By Christopher Lawlor
NEW YORK – New Hope Academy of Landover Hills, Maryland left no doubt: National Champions.
In perhaps the greatest field ever assembled for a girls’ basketball postseason tournament, the Tigers were on the prowl and prevailed on Saturday morning.
New Hope is a relatively new team on the national scene and in less than two years, the Tigers are atop the girls’ hoop planet.
Please, point the index finger skyward because New Hope Academy is No. 1. That’s the facts and no one can deny it.
Sticking to the basics with all players buying into a blue collar work ethic, New Hope were crowned the queens of the court after dispatching second-seeded St. John’s College (Washington, D.C), 45-34, to capture the GEICO High School Nationals championship at Christ the King High School’s Father John Savage Memorial Gymnasium.
New Hope entered the annual tournament as the fourth and final seed and heads back to Prince George’s County as the National Champions. Two years ago, Sam Caldwell was coach in need of a job and New Hope wanted to build a girls’ basketball program in the DMV, which is perhaps the nation’s deepest talent pool.
Caldwell was hired at New Hope after a highly successful run at Riverdale Baptist School (Upper Marlboro, Md.), including two GEICO Nationals’ championship. Saturday morning he came the first girls’ coach in the 11-year history of the event to bag three titles.
Honestly, New Hope made a great hire.
“From the first day of workouts in August our players and coaches have made great sacrifices to reach this point. I’m not the easiest coach to play for but I haven’t done too bad over time at Riverdale Baptist and now at New Hope Academy,” Caldwell said. “We won because our school gave us tremendous support and the kids bought into our philosophy. It is so gratifying the win all those people. I’m humble because our school believed in the formula and we have succeeded.”
The Tigers concluded at 39-3 and won its third postseason tournament title. The GEICO Nationals is the only one that counts. GEICO gathered the top-4 teams in the nation with the winner getting all the booty. Yes, New Hope is the best of the best.
There is no debate, only celebrations for the Maryland private school.
New Hope clinched the National Championship by outscoring St. John’s, a team they scrimmaged back in November, during a 15-2 run in the fourth quarter. Trailing 32-30, the Tigers just poured it on and when Kylie Kornegay-Lucas scored with 4:24 left in the game, there was no turning back at 34-32.
Delicia Pinnick topped the Tigers with 13 points and Lucas-Kornegay had 11. Sophomore Jada Walker collected nine points, five rebounds and four assists and tabbed tournament Most Valuable Player.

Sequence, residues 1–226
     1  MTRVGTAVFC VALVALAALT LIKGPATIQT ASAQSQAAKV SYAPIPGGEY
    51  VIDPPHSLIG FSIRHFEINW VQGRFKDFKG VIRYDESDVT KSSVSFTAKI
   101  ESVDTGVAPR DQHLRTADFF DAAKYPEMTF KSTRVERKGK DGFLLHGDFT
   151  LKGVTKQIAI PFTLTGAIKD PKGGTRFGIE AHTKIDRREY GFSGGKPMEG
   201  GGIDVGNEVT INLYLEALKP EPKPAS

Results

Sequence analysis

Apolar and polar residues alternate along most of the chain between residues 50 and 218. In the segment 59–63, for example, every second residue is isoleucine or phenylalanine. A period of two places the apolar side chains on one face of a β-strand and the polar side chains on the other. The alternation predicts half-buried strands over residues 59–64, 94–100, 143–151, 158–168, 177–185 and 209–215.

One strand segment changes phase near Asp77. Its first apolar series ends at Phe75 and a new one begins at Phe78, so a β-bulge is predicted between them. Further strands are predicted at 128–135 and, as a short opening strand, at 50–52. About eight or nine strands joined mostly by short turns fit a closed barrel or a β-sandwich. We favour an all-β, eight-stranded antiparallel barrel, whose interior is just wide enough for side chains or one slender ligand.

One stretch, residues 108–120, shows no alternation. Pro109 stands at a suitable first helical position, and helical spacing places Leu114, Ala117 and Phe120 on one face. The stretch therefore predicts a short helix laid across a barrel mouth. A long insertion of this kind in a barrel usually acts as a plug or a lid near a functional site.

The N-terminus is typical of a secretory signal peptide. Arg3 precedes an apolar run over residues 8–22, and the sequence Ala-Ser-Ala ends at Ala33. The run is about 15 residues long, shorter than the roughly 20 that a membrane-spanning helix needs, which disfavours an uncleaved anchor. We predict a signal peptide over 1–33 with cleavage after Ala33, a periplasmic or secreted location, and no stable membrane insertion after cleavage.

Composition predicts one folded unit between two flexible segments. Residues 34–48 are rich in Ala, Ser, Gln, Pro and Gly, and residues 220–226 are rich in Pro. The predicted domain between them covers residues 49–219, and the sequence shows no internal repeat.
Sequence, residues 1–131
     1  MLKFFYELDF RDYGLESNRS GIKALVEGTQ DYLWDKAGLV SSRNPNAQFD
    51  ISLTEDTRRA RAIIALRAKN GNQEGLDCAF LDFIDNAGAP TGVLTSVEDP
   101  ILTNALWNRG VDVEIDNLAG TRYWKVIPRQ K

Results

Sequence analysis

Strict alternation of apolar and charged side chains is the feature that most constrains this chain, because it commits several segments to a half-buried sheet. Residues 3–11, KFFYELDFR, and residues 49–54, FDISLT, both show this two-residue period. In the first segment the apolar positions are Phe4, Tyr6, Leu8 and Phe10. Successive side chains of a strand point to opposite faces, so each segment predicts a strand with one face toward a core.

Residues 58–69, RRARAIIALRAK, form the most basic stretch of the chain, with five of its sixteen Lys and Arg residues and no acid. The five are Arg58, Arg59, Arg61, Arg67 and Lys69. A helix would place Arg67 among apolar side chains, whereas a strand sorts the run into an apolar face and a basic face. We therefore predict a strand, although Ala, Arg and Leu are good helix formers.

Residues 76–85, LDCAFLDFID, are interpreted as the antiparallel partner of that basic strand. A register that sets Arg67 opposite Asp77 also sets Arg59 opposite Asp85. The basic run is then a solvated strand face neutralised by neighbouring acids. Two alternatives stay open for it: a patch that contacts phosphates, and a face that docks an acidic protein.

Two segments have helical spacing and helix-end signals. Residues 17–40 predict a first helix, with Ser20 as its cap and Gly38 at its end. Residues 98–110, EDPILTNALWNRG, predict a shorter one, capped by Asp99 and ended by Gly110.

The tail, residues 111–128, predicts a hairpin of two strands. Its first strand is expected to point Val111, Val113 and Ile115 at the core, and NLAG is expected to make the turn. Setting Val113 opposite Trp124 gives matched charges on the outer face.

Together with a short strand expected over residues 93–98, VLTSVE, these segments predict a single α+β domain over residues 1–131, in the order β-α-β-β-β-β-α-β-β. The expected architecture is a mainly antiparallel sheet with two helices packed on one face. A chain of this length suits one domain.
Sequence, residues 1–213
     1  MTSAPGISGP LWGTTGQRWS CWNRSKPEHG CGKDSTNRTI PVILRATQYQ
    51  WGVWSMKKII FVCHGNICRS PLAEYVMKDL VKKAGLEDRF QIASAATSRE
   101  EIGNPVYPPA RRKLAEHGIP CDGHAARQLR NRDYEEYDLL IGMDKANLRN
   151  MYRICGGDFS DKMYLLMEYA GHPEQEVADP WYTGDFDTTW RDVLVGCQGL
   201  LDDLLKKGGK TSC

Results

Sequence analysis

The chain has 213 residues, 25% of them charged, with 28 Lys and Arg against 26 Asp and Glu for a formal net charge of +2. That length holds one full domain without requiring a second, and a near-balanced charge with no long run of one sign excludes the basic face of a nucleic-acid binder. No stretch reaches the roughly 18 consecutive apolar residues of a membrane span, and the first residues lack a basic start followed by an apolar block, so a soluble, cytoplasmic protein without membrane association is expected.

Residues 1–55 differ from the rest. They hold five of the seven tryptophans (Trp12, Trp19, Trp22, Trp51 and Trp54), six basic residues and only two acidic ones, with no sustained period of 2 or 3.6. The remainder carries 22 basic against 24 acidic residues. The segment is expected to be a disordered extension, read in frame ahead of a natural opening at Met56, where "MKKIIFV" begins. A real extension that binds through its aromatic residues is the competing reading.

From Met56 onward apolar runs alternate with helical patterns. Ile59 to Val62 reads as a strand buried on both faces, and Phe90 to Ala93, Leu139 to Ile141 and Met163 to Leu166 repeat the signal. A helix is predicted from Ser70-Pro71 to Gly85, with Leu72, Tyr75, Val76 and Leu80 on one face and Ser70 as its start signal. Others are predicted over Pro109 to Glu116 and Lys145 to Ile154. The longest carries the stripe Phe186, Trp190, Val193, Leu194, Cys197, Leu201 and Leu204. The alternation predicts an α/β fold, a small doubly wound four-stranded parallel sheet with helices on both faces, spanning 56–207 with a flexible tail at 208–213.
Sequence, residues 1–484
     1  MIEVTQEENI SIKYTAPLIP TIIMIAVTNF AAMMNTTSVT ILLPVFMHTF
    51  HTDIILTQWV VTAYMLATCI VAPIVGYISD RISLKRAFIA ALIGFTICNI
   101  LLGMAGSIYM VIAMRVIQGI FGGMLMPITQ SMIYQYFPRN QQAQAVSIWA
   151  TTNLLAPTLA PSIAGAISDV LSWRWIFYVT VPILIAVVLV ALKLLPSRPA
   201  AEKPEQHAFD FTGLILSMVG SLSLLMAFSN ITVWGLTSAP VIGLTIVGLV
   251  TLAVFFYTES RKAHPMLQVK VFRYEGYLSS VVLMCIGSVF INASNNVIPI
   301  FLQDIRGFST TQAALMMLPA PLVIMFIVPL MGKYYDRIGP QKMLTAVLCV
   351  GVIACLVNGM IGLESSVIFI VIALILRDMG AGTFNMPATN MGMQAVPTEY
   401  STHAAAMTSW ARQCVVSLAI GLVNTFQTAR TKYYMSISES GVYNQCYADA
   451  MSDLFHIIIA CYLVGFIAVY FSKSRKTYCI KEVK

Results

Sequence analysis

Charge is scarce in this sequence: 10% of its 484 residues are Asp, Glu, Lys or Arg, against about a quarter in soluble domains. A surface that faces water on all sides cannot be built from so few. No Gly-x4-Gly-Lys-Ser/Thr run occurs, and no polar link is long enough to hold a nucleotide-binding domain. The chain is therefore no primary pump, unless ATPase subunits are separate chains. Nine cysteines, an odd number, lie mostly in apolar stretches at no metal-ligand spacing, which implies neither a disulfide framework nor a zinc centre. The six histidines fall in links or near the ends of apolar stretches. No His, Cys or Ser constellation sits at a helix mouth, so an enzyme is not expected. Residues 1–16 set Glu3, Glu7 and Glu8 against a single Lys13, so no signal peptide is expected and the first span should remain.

“Since the beginning of the season we’ve bonded as sisters,” Walker said. “We did not have team chemistry in the beginning because we were a new team.”
And now they are champions.
St. John’s (36-2), which won a third straight Washington Catholic Athletic Conference title in March, scored two points in the final six minutes and the grind of two games in less than 24 hours, following a month long layoff, was evident.
Sophomore Azzi Fudd, who was named Gatorade’s national player of the year, was limited to 14 points on 5 of 19 shooting, including all six misses from three-point land. Malu Tshitenge-Mutombo and Carly Rivera added six apiece. The Cadets were a woeful 12 of 40 from the floor for 30%.
“We executed today and our team had the right mix,” Caldwell said.
New Hope forged the second tie of the second half when Delicia Pinnick sank two free throws at 5:21 and regained the lead just 32 seconds later when Kylie Kornegay-Lucas scored.
The picked up in the third quarter as the teams combined for 33 points. SJC held a 20-13 advantage as Fudd scored 10 points. SJC were up 32-30 with the dramatic fourth quarter left.
Finally the game had life. Fudd nailed four free throws and Rivera, the hard working point guard, drilled a 3-pointer from the left wing at 3:49 of the third quarter to pull the Cadets within two points at 23-21.
The second tie of the game and first since early in the second quarter occurred when Cowan sank two free throws and then Kelis Corley scored in transition and Rivera hit her second three in less than a 1 1/2 minutes.
It wasn’t a pretty opening half as the scoreline read 29 points—that’s total between two of the nation’s best teams. Friday’s semifinals were physical and the wear and tear took its toll.
New Hope led 17-12 at the break.
Fudd, who scored 27 points in the semifinals versus Centennial (Las Vegas, Nev.) netted two points and that wing 17-footer did not occur until 27 seconds left in the second quarter. Thshitenge-Mutombo had four points and Fudd was active on the glass with nine rebounds.
Pinnick netted five points for the Tigers, including a 3-pointer at 4:34 of the first period.
Ten points were totaled in the opening eight minutes. Suffice; it took time for the game to find a rhythm.
About the most notable storyline of the opening four minute was Fudd picked up two quick personal fouls and New Hope led 6-4. Both teams were scoreless the rest of the period.
Joining New Hope’s Walker on the all-tournament team were Fudd and Tshitenge-Mutombo of St. John’s, and Jennifer Ezeh and Kornegay-Lucas of New Hope.
“Congratulations to New Hope; they played a great game today,” SJC coach Jonathan Scribner said afterwards.